• It is different with the drum and music and artistic groups and the fairytellers. Here the locals give amounts between one and five dirhams. A little more is expected of the tourists. Since tourists are in the clear minority, they are detected immediately and one will be asked to give some money, especially since the artists know that the tourists only look for a moment and then go on immediately, in contrast to the locals who frequent stay in a Halqua for hours. It is no problem to join a Halqua and keep track of what’s going on, even if you do not understand. You can accept the invitation to a circle. It may be a nice experience of berber hospitality. For me it is best to follow the faces of the people warching the show and all the the interactions.
  • Problem: Hennaladys. Please pay attention. The hennamwomen take the hands of the tourists, begin unasked with Hennapainting and then want to cash for horren- dous sums. In principle, I advise against putting on tattoos, here because here the henna is often mixed with chemicals and leads to skin irritation and the prices are inflated. Do not hesitate to withdraw the hand in a decided way. Good tattoos in peace and quiet are available at the Hennacafé in Rue Zitoun near the square.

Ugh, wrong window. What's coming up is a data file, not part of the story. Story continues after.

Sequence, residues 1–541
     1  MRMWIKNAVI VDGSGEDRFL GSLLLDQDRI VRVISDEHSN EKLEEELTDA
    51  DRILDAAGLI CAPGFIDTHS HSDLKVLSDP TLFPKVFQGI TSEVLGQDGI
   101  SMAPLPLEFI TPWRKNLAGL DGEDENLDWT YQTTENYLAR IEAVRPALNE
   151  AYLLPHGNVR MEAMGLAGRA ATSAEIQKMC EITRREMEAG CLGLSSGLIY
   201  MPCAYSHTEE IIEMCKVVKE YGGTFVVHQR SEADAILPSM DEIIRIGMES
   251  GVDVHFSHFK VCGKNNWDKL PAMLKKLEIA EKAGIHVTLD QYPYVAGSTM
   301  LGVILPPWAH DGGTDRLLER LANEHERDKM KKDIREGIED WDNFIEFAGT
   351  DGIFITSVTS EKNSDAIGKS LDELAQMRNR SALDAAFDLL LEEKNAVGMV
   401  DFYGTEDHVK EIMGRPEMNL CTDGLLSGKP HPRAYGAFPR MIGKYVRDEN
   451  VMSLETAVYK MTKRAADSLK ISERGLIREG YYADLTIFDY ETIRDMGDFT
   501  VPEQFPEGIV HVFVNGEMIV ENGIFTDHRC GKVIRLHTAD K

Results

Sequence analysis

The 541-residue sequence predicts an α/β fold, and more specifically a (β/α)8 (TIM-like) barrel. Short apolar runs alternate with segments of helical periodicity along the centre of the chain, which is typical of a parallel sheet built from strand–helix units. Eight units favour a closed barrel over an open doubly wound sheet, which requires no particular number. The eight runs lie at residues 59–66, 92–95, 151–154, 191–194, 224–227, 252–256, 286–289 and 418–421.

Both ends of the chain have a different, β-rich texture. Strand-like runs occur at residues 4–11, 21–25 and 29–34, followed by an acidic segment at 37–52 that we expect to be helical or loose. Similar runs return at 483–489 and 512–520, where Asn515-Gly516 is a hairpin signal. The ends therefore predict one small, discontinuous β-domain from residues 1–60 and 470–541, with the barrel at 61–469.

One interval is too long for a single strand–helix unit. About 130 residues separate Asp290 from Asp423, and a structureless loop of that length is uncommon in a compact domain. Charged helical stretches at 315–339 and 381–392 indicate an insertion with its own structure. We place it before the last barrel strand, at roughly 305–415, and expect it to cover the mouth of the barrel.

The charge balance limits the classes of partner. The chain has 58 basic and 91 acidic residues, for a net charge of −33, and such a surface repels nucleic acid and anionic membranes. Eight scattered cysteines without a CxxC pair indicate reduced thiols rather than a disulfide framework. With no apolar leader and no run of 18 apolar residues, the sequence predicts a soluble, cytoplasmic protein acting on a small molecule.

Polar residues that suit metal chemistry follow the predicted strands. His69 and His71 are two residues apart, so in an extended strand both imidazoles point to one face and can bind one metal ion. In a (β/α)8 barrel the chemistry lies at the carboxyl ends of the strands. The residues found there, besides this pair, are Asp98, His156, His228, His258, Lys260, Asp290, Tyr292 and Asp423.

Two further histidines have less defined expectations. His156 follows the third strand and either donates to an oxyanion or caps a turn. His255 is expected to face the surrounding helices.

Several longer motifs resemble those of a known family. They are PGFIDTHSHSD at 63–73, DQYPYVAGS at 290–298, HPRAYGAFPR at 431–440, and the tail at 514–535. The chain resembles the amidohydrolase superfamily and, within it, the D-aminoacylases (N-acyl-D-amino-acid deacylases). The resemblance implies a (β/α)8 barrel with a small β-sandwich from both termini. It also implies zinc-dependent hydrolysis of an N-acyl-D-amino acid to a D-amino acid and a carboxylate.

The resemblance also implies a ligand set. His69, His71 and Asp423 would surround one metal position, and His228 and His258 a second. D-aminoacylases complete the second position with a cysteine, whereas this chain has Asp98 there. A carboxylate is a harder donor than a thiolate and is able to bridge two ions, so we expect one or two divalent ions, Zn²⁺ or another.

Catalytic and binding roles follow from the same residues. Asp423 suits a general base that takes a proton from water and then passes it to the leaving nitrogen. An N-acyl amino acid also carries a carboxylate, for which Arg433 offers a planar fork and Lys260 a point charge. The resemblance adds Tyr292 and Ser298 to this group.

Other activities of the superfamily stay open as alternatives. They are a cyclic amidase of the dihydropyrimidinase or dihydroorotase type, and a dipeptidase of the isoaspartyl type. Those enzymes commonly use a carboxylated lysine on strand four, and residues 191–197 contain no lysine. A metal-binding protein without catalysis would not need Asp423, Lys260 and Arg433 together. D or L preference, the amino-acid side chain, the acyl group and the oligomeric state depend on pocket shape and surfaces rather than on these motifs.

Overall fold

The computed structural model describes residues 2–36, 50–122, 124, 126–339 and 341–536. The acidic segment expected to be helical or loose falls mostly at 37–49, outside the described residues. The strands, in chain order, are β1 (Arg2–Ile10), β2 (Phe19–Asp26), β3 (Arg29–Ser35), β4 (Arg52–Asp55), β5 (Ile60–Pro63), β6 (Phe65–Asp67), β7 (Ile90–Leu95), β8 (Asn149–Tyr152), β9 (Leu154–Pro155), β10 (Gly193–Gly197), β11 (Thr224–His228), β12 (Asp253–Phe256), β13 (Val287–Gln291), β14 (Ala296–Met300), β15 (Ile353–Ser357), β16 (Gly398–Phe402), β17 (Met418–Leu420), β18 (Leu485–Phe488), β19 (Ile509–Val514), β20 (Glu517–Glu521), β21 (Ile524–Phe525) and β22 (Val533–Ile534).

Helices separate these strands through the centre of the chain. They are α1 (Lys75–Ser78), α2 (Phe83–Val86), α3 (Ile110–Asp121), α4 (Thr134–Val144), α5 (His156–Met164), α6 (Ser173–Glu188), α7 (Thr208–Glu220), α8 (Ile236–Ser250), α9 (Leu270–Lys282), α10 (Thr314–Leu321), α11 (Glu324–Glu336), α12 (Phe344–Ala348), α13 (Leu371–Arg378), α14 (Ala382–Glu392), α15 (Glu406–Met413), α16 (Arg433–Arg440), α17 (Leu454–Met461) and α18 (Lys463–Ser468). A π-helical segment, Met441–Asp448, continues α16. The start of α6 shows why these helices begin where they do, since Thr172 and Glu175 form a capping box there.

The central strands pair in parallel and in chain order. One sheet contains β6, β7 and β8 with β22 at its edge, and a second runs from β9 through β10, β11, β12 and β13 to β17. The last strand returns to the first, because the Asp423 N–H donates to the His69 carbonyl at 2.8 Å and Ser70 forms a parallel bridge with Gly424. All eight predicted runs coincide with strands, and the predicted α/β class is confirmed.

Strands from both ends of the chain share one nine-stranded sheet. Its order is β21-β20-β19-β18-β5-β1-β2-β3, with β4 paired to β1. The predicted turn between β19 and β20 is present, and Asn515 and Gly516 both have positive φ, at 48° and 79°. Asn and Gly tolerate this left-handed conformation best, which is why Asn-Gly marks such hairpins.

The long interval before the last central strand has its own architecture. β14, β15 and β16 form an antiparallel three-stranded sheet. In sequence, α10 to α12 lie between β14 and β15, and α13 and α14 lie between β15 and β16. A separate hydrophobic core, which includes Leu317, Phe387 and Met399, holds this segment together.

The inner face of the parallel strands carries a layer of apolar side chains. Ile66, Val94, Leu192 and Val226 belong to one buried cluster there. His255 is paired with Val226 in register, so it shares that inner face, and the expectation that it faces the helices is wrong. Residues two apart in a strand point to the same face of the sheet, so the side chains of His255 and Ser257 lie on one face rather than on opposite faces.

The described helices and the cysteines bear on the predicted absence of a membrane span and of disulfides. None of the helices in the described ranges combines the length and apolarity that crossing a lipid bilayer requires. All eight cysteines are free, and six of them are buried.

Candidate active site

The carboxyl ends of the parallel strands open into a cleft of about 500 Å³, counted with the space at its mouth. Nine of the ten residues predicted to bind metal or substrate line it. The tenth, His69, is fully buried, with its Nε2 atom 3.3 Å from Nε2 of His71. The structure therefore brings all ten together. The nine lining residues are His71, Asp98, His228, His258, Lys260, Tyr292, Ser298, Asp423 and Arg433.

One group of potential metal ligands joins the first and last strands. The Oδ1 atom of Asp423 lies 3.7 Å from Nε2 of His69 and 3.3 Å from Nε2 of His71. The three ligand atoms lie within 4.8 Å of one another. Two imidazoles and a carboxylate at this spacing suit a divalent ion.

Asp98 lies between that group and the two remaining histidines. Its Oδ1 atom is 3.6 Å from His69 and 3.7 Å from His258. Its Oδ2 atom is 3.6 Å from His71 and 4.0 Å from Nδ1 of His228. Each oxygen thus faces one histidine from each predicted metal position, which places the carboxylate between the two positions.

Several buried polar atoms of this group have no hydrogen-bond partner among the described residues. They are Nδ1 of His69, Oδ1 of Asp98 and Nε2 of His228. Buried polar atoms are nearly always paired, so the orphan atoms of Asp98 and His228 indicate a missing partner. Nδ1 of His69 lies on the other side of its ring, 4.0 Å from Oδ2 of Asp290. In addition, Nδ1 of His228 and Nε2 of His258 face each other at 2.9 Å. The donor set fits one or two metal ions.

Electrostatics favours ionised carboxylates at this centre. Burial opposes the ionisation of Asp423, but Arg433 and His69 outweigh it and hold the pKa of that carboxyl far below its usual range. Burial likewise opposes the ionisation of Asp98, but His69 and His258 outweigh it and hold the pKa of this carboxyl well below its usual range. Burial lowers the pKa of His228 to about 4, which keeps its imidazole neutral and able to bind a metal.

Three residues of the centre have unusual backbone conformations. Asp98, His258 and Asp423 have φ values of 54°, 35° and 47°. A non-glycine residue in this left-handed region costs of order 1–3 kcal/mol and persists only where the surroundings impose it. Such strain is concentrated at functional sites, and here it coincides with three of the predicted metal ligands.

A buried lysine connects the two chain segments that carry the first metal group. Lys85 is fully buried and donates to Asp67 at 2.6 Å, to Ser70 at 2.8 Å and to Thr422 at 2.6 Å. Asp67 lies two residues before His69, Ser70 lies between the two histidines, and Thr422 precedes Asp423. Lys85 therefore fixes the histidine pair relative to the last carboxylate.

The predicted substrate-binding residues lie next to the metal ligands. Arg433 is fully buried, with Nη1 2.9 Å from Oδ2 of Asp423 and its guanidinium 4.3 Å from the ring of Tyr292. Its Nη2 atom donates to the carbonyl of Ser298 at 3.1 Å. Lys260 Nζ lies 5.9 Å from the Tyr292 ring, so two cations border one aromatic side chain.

• Drink: You can safely drink the freshly squeezed juice at any orange juice stand. It costs the same amount. I recommend Stand 35. There you are friendly and not intrusive and the juice is not fancied. Also try the spice tea with spice cake at the exotic tea-bars with its large copper kettles.
  • Food: In contrast to most travel guides, I strongly advise against eating in the open air restaurants on the square, even if they may look very appetizing and seductive. It is said that the restaurants are controlled and hygienicly ok, but the only time I cought diarrhea in Morocco was after a meal in the place. My guests, who do not follow the advice frequently make the same experience. In addition, as a tourist, you are almost forced into the restaurants, so the walk through the stalls becomes running the gauntlet. In addition, the intrusive waiters tell you reasonable prices and show friendly faces. You can see the prices also on the menus, but it never remains at that price. It is almost the rule that the inexperienced tourist will pay up to ten times the actual price and is ripped off vigorously. So the food ends often in an unpleasant quarrel, in which the waiters who suddenly hardly understand English or French so the guest finally gives up the fight and pays the overpriced bill. It is quite the rule that you eat here at a price, for which one of one of the best restaurants in the city could get a fantastic menu.